17 takes on what differentiates Walla Walla from the world

When one winery thrives, it helps lift the wine industry as a whole.”

— L’Ecole No 41

To celebrate Walla Walla’s 40th anniversary, we asked our wineries what they think differentiates Walla Walla from other places in the world. Their answers take us into the nooks and crannies, the spark and smile of the Valley’s character. What comes out time and again? The community, the camaraderie, and the spirit of the valley.


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1. “It has always been about collaboration and comraderie: being pushed by those that came before you and pulling-up those who came after you. It’s a special characteristic that I hope is never lost.” — Lagana Cellars

2. “Two things: a cultural commitment to quality of wine, and it’s the prettiest town in Eastern Washington.” — Isenhower Cellars

3. “The valley has tremendous sunshine and an ability to ripen grapes with intensity but, even more importantly, freshness. More importantly, the community supports each other in direct ways, whether through education or social support.” — Echolands Winery

4. “It’s the community. It is such a small community, yet we all lean on each other to support each other. The community also is helping put Walla Walla on the map with steady striving to make better and better wine from our area.” — Dossier Wine 

5. “The Blue Mountains, unique terroir, and climate make for beautiful WA wines.” — Seven Hills Winery

6. “The history, the community feeling, and the appreciation of the terroir.” — Floating Balance Cellars

7. “The people. We have a lot of very like minded passionate people that have a common goal of growing the best grapes they can to make the best wine possible. The community helps support through the restaurants, arts, and Viticulture & Enology program.” — Va Piano Vineyards

8. “Friendly, small town with great accommodations, restaurants and wineries. We are not afraid to push boundaries and try new things.” — Gramercy Cellars

9. “Being in a small, somewhat isolated town still endures throughout the industry decades later.” — Woodward Canyon

10. “Friendliness and collaboration between the wineries. We find it incredible that the wineries that choose to be islands are actually the exception, not the rule. The community sees firsthand and continues to support the idea that a rising tide raises all ships.” — Pepper Bridge Winery

11. “Walla Walla Valley is known for its collaborative nature with every winery believing in the brand that is Walla Walla Valley. We are also different because we are able to grow almost any varietal and every producer puts their spin on the wines they make, creating a diversity that you won’t find in other wine regions.” — Smoky Rose Cellars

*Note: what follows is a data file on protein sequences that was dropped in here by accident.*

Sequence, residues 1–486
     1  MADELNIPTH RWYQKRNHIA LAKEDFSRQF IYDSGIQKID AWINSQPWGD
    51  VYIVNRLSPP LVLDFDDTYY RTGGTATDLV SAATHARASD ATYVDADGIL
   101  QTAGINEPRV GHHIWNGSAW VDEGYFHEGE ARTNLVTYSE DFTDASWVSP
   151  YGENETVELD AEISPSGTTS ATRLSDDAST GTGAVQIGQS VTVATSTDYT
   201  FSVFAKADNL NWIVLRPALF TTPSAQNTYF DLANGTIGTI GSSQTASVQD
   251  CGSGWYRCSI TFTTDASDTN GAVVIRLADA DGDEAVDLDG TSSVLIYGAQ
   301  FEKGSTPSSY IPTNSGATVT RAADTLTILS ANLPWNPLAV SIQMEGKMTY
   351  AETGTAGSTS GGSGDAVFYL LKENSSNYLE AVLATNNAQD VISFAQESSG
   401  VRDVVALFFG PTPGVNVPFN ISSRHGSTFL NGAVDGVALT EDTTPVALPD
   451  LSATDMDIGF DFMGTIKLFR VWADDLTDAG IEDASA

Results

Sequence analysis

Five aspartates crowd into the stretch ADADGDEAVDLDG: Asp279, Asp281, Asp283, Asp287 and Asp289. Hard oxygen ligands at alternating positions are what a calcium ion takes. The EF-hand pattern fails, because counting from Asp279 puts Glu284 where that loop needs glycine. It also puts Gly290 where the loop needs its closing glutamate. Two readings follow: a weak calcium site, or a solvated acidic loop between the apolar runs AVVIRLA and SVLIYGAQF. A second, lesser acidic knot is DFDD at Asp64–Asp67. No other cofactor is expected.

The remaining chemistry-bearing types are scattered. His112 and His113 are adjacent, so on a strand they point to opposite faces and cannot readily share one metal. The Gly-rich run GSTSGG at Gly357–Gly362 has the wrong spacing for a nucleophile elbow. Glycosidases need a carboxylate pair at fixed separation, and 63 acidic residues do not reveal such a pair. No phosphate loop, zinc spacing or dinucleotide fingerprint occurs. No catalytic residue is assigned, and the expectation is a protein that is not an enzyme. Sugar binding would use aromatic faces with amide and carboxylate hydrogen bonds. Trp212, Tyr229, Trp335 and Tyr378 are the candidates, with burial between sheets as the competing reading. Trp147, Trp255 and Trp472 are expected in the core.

12. “Walla Walla’s deep history in farming and sense of community. Our soils and climate are truly unique and diverse. The Walla Walla Way.” — Bledsoe Wine Estates

13. “Wine Spectator a few years ago named the Walla Walla “Napa in Blue Jeans”, which is pretty accurate. We produce premium wines from a wide array of grape varieties, our lands and soils are perfectly suited to growing some of the best wine grapes in the word, and our culture is friendly, collaborative, and inspired. To quote Gary Figgins, ‘the best leaders push the person ahead of them and pull the person behind them,’ and Walla Walla does that very well.” — FIGGINS

14. “The Walla Walla Valley is unique in its climate and geology. Warmer and windier than other parts of the Columbia Valley, Walla Walla is also heavily influenced by the Blue Mountains. The southwest prevailing winds that blow up the Columbia River rise over the Horse Heaven Hills and blow into the valley, right in the path of one of the largest generating wind farms in the continental U.S. Rainfall is minimal, with about 8 inches in the south and western portions of the valley, increasing to as much 22 inches in the northeast foothills of the Blues. Cool night-time air out of the Blue Mountains creates larger diurnal temperature differentials between day-time high and night-time low temperatures, often as much as 50°F, ideal for ripening fruit while preserving natural acidity. The camaraderie that the wine community has built is rare. When one winery thrives, it helps lift the wine industry as a whole.” — L’Ecole No 41

15. “Walla Walla is a really special place that brings people together. The wine industry especially here represents art, science, craft, geography, agriculture, and pleasure through its wine. This is just a small piece of Walla Walla. Walla Walla has so much diversity, culture and history that can be appreciated by visitors and locals alike.” — Walla Walla Vintners

16. “It’s a community that attracts dreamers. Because of that, you see a lot of people crafting, shaping, building, imagining and realizing their dreams. Here, there is a spirit of camaraderie and community. Neighbors work together towards common goals and interests, and founding fathers mentor the next generation of Washington wine stars. It’s where we grow our grapes, make our wines, raise our families and where we are proud to call home.” — Dusted Valley

17. “That guests get to speak and interact with the actual owners of the wine businesses they are visiting. The people with the true passion.” — Delmas

17 takes on what differentiates Walla Walla from the world